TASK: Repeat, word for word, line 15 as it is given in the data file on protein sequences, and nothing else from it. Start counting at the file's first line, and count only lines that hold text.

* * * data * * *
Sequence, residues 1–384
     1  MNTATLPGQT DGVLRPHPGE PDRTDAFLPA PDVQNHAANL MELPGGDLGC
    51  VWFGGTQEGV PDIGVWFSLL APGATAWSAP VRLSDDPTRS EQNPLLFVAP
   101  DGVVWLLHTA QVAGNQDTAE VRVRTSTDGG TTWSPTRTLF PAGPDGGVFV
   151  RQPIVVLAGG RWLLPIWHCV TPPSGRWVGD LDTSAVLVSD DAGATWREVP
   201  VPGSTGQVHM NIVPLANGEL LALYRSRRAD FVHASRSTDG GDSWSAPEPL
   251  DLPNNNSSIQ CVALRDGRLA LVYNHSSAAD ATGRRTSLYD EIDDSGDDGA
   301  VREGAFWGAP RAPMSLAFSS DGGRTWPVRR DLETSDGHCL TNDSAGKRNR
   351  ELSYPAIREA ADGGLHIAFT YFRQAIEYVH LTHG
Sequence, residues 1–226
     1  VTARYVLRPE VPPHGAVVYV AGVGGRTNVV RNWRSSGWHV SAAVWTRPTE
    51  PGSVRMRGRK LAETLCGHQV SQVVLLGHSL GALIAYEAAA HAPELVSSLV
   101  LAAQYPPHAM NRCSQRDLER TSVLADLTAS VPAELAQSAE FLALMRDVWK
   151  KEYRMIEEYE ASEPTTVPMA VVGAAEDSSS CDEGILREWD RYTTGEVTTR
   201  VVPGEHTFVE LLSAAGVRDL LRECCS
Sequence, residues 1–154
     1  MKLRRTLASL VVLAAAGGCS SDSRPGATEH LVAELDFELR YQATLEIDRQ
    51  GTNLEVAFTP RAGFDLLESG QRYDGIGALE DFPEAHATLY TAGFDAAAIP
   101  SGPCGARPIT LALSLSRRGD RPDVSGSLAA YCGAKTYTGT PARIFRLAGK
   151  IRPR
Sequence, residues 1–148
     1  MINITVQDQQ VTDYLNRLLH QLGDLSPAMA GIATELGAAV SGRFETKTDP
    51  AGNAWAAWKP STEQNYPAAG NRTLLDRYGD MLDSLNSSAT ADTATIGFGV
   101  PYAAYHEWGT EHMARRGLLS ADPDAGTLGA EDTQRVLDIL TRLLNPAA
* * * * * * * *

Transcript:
   201  VVPGEHTFVE LLSAAGVRDL LRECCS